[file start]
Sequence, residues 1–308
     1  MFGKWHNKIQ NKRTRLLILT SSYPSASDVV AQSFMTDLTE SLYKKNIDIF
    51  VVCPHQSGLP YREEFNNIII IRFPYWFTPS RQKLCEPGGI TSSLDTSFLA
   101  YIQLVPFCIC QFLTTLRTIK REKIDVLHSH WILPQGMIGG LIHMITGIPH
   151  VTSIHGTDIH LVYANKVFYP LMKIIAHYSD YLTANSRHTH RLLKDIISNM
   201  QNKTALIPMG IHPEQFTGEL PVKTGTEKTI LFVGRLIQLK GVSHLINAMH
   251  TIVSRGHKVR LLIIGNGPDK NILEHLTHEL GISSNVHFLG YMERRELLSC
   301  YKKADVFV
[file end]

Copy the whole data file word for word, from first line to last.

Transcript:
Sequence, residues 1–308
     1  MFGKWHNKIQ NKRTRLLILT SSYPSASDVV AQSFMTDLTE SLYKKNIDIF
    51  VVCPHQSGLP YREEFNNIII IRFPYWFTPS RQKLCEPGGI TSSLDTSFLA
   101  YIQLVPFCIC QFLTTLRTIK REKIDVLHSH WILPQGMIGG LIHMITGIPH
   151  VTSIHGTDIH LVYANKVFYP LMKIIAHYSD YLTANSRHTH RLLKDIISNM
   201  QNKTALIPMG IHPEQFTGEL PVKTGTEKTI LFVGRLIQLK GVSHLINAMH
   251  TIVSRGHKVR LLIIGNGPDK NILEHLTHEL GISSNVHFLG YMERRELLSC
   301  YKKADVFV